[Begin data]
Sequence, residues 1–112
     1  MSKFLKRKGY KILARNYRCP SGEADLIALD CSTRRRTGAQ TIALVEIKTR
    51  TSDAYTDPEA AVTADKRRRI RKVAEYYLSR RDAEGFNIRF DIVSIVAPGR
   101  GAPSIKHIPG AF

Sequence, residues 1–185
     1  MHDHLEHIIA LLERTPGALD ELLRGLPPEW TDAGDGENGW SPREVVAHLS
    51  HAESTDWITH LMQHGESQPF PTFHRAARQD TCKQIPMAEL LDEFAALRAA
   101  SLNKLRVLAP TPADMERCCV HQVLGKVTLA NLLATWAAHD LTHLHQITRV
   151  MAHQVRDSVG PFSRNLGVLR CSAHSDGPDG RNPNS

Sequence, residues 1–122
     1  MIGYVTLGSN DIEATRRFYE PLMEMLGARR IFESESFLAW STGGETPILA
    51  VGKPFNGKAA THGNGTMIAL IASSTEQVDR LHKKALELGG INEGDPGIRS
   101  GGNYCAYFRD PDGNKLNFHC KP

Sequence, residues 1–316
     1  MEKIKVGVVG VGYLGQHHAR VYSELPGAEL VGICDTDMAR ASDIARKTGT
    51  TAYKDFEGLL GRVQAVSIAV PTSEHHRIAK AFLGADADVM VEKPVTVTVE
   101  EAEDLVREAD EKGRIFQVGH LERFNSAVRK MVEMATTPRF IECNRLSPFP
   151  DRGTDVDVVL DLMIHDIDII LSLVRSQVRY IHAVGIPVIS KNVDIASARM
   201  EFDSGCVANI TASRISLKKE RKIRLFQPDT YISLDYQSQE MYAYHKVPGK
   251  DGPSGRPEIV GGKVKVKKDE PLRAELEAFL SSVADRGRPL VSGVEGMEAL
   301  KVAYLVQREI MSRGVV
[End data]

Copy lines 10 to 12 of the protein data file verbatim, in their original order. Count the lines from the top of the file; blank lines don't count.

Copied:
Sequence, residues 1–122
     1  MIGYVTLGSN DIEATRRFYE PLMEMLGARR IFESESFLAW STGGETPILA
    51  VGKPFNGKAA THGNGTMIAL IASSTEQVDR LHKKALELGG INEGDPGIRS